From the review (of the new Al Green):
The hole in the middle of the album is, in fact, Jesus-shaped. Green's Christianity was always an enormous presence in his music, even before he gave up secular singing for a while; his constant awareness of mortality and divinity is what raised the stakes on his love songs. His best album, Call Me, followed "You Ought to Be With Me" with "Jesus Is Waiting", and the ever-present tension between the sacred and the secular on his records came to a head on 1977's "Belle": "It's you that I want, but it's Him that I need".
There's none of that here-- the closest Green comes is singing about "a love divine" on "Too Much", and he doesn't really mean "divine." Instead, we get flabby romantic couplets ("You're the best thing I ever had/ Losing you, that would make me feel so bad"; "Your love is more than true, oh baby/ It's just, it's just for me and you"). There's no desire here for a person (or a God) that Green wants to bring closer to himself, just an appreciation of someone he's already got. Yes, it's a pleasure to hear Green articulate romantic satisfaction, and good for him if he's satisfied. But the grain and pull of his voice is all about longing for both flesh and spirit, and it doesn't quite fit here. Green's classic records were never just baby-making music, and without a context greater than a shared bedroom, this precise reconstruction of their sound is a ritual that's lost a lot of its meaning.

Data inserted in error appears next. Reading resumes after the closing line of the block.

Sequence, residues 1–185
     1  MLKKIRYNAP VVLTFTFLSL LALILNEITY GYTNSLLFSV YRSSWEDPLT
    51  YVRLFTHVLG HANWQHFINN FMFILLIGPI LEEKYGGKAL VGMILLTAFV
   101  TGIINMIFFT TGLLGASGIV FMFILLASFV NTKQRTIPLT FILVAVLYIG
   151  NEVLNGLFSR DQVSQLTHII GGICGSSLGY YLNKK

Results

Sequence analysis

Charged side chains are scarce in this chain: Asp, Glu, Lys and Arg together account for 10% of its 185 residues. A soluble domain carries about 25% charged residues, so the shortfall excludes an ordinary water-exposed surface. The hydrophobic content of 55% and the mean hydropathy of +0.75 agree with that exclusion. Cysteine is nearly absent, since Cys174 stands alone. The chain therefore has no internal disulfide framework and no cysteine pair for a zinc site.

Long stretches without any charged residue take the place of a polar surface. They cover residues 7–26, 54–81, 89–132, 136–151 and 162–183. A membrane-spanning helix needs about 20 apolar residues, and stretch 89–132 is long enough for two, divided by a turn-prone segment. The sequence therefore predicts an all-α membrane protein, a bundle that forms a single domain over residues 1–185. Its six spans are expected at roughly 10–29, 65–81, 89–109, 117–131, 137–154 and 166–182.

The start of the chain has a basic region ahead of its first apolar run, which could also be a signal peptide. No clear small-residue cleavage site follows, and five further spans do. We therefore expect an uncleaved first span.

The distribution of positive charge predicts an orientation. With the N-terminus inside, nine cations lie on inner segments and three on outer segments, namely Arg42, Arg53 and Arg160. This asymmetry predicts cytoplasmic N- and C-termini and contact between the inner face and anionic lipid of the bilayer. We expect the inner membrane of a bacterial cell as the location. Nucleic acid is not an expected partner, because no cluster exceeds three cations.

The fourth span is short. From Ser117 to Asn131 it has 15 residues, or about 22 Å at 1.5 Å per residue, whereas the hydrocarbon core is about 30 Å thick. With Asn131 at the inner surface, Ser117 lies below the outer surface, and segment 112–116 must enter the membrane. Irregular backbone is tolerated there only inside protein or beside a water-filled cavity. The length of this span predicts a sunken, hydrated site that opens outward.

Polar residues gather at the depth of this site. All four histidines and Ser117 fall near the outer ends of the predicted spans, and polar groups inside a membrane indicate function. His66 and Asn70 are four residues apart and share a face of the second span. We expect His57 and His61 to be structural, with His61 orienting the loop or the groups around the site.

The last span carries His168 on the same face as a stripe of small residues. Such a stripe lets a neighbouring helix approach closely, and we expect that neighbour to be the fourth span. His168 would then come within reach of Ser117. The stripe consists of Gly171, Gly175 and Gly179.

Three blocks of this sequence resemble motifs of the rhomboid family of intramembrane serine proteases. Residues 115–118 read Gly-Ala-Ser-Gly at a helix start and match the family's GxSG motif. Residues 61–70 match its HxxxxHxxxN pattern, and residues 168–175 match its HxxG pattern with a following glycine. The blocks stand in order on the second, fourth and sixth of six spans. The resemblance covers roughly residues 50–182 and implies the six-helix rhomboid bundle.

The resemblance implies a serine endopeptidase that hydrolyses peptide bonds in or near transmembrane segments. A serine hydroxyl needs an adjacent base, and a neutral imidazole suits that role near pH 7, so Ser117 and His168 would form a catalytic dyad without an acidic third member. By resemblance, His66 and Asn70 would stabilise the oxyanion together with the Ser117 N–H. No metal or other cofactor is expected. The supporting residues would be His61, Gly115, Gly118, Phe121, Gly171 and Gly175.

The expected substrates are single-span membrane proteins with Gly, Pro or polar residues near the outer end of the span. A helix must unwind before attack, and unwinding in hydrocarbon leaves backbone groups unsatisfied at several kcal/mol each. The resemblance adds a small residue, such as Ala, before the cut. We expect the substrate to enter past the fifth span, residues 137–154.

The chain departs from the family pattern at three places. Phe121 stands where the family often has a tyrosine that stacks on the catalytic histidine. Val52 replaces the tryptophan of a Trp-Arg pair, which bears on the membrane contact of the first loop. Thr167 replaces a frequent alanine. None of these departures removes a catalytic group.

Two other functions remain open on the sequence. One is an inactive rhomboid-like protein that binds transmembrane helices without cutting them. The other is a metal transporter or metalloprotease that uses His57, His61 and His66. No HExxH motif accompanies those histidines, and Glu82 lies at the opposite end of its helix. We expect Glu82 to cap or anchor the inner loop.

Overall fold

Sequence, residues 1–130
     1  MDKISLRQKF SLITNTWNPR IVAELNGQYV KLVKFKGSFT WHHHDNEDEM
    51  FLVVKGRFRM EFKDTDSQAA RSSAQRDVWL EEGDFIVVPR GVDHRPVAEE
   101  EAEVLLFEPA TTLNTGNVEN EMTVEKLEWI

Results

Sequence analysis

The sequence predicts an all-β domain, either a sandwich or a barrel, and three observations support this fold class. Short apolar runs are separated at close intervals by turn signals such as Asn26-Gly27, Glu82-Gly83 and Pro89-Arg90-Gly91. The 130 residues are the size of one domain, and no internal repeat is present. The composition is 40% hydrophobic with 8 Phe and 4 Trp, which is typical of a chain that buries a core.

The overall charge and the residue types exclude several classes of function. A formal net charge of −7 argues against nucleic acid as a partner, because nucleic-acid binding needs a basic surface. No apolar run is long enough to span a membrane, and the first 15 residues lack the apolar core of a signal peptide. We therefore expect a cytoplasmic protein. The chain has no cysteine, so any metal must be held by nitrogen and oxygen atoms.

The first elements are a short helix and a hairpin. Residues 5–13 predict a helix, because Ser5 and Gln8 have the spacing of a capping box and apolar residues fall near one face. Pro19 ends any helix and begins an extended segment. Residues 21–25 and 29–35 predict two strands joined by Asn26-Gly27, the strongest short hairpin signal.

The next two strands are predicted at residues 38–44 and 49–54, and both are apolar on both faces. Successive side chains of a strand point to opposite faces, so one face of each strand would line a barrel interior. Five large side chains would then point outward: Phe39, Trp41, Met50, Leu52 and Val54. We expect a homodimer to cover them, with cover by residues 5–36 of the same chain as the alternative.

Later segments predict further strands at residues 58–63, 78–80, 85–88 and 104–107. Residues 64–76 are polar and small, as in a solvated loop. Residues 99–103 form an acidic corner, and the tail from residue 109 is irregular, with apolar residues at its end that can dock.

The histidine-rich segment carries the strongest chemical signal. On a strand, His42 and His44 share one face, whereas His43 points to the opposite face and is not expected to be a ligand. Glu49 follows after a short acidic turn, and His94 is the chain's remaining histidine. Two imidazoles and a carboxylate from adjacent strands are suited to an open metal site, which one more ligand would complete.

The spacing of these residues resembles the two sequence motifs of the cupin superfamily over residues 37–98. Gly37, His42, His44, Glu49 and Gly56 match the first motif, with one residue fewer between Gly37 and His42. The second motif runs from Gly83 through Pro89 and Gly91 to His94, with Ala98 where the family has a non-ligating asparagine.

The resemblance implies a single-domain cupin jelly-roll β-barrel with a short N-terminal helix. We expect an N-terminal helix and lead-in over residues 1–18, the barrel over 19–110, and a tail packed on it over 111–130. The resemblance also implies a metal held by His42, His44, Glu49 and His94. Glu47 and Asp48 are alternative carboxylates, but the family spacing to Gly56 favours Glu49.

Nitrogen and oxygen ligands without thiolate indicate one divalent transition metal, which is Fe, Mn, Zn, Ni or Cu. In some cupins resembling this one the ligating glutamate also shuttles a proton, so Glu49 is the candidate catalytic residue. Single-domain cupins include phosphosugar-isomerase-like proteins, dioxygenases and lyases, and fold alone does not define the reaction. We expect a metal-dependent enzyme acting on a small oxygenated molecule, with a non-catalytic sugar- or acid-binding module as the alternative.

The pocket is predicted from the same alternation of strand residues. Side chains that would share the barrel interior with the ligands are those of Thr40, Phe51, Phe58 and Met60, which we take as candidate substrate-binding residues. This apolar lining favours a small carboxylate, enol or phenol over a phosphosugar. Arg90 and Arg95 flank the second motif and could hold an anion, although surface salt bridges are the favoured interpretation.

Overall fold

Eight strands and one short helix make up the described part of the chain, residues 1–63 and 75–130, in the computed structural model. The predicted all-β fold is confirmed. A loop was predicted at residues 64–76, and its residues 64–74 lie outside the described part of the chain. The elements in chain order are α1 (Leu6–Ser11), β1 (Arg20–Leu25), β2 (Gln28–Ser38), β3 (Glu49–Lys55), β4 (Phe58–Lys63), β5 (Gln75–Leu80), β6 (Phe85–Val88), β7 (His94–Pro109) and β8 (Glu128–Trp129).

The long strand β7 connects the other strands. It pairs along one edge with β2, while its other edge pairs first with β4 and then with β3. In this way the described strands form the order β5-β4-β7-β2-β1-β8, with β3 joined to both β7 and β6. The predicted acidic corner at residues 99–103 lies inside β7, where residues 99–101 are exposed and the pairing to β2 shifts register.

The Devil may have the best music, but the stuff God cranks out is a close second. (And either are preferable to whatever the hell someone like Richard Dawkins puts on his iPod....)
Speaking of Al Green, you do know the best-ever Green ripoff/tribute was by Keith Richards, don't you? (See it here.)